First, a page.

2. Issues of informed consent - how could people precisely foresee future situations? No-one could foresee all future possibilities, nor how new medical treatments might affect those situations in years to come. People would be unlikely to update their documents regularly.
  3. Changed minds - the healthy do not choose in the same way as the sick. When we become unwell our attitudes to what we want change, but an earlier Advance Directive might still be in force...
  4. Difficulties of diagnosis and prognosis - could all concerned ever be sufficiently sure medically that implementation was appropriate?
  5. Advance Directives may hinder communication rather than help it. Where there is some possibility of communication with a patient, but it is difficult, doctors may be tempted to rely on the Directive rather than make the effort to communicate with the patient.
  6. Advance Directives indicate a lack of trust in the doctor and this 'vote of no confidence' does not encourage either party in the doctor-patient relationship to communicate.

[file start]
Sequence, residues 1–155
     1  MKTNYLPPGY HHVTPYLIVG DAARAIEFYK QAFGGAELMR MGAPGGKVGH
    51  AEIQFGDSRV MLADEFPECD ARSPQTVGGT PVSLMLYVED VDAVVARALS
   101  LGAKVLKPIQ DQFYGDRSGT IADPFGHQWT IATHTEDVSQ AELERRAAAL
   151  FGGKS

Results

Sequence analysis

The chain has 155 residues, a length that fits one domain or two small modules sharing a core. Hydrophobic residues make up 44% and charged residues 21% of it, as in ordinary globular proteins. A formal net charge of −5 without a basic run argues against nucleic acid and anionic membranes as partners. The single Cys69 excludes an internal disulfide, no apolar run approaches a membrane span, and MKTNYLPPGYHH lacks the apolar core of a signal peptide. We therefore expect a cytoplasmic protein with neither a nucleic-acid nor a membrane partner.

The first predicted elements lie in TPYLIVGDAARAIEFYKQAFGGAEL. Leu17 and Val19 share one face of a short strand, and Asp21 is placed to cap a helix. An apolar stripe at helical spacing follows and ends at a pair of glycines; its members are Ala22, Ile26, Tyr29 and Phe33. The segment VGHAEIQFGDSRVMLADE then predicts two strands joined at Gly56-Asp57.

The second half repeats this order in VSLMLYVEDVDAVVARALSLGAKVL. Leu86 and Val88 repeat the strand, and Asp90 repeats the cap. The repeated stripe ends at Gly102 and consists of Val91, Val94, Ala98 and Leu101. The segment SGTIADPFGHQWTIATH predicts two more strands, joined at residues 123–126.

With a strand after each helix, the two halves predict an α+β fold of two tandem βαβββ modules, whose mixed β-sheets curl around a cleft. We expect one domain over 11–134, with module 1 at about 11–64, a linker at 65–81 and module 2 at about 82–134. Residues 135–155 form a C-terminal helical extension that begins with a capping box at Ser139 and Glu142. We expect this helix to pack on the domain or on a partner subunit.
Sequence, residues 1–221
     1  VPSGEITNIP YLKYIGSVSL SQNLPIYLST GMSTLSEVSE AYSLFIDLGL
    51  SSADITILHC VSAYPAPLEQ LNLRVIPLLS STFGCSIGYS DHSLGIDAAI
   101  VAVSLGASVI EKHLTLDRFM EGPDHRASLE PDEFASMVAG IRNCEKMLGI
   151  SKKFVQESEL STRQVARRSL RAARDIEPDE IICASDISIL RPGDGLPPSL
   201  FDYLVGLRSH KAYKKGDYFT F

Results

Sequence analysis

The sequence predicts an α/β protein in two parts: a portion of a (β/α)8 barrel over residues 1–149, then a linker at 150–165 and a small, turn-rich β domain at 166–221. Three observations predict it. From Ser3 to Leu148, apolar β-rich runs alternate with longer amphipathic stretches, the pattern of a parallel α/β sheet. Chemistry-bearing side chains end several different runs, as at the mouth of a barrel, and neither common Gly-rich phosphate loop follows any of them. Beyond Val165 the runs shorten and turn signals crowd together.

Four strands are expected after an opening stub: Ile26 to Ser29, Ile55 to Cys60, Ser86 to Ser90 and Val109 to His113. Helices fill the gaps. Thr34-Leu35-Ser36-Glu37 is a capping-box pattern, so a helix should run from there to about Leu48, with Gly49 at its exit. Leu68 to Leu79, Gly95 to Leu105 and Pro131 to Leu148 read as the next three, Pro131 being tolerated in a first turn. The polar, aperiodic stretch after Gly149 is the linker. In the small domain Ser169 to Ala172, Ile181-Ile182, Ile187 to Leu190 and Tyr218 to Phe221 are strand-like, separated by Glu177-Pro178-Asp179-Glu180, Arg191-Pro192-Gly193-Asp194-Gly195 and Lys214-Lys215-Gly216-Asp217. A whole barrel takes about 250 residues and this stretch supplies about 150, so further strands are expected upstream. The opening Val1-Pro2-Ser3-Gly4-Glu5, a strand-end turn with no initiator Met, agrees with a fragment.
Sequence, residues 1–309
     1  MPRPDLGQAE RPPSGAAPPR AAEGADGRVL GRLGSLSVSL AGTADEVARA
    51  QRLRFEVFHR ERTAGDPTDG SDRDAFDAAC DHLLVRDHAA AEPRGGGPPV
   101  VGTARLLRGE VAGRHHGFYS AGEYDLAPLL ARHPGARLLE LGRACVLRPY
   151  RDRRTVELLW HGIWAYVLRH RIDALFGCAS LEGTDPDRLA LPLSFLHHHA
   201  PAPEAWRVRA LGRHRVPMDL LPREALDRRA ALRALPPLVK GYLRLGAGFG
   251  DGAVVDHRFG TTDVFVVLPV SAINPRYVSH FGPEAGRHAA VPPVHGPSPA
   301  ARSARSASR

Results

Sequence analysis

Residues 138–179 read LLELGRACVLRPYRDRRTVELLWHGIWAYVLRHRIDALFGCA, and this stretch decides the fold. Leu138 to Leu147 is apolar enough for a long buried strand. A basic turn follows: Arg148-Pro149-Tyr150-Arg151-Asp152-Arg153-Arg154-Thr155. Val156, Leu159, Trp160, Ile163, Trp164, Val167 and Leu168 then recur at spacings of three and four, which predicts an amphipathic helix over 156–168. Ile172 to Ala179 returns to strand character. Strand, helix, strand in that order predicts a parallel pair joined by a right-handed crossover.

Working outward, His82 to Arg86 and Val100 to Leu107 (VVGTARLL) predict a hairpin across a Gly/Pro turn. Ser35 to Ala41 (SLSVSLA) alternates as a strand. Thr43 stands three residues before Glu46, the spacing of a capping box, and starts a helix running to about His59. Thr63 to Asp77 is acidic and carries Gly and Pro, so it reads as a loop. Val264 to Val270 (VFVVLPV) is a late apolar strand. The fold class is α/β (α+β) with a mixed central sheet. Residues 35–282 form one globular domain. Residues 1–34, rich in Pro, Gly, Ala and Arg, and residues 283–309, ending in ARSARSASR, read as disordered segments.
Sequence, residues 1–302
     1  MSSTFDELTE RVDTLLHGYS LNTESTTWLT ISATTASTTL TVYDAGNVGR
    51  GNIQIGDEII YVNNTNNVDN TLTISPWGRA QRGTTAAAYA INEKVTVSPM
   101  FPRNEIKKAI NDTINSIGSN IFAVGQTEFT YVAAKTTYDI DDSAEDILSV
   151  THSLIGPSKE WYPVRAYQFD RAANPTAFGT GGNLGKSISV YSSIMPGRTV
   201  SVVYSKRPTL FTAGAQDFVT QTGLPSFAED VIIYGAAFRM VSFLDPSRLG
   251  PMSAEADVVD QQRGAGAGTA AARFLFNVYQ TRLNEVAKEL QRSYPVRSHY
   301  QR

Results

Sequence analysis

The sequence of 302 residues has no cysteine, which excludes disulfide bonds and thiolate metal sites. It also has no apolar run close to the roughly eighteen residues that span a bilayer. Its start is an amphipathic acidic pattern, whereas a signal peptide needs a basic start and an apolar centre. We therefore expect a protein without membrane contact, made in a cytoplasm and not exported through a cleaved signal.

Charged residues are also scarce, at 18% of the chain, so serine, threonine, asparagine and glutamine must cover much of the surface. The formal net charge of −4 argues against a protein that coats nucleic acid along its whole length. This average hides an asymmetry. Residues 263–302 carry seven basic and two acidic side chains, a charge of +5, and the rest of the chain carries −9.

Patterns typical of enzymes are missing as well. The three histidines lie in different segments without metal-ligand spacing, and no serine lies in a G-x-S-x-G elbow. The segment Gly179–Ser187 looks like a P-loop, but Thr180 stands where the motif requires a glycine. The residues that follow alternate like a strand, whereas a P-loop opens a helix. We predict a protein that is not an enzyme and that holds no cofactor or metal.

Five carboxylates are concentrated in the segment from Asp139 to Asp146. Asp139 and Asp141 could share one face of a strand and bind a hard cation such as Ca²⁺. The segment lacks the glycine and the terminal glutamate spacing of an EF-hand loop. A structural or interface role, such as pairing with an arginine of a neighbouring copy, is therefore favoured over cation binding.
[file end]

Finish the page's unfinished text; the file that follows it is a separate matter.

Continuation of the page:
7. We are concerned that the language of Advance Directives reinforces negative images of disability and disease and feeds patients' fears.

Concerns that Advance Directives will allow Euthanasia by the back door

Like the BMA, we oppose euthanasia. Lord Allen's Bill [3] to legalise Advance Directives, no longer before Parliament, was sponsored by the Voluntary Euthanasia Society whose own Advance Directive [4] states 'that any distressing symptoms (including any caused by lack of food or fluid) are to be fully controlled by appropriate analgesic or other treatment, even though that treatment may shorten my life'.

Legal powers were being sought to starve and dehydrate people to death. If these powers were ever obtained. it would not be long before it was argued that this was not 'compassionate' and that a lethal injection should rather be given as soon as the decision was taken.

In our Submission to the House of Lords Select Committee we questioned the real motive of Lord Allen's Bill, and we continue to question the real motive of the Voluntary Euthanasia Society where Advance Directives are concerned.

Conclusions